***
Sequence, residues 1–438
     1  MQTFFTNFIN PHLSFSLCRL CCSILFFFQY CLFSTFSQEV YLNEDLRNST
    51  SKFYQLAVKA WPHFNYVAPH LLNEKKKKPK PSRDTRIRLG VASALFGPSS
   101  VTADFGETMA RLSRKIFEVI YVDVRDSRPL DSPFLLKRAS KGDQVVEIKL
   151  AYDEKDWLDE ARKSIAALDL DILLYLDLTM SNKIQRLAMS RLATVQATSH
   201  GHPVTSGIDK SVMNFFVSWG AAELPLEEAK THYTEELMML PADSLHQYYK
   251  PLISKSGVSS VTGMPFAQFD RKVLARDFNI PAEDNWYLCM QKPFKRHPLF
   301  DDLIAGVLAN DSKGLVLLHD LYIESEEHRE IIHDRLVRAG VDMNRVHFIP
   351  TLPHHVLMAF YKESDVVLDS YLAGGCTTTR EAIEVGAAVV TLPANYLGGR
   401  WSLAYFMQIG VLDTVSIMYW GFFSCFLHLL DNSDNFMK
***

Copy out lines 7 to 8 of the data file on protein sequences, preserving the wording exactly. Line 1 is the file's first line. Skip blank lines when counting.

   251  PLISKSGVSS VTGMPFAQFD RKVLARDFNI PAEDNWYLCM QKPFKRHPLF
   301  DDLIAGVLAN DSKGLVLLHD LYIESEEHRE IIHDRLVRAG VDMNRVHFIP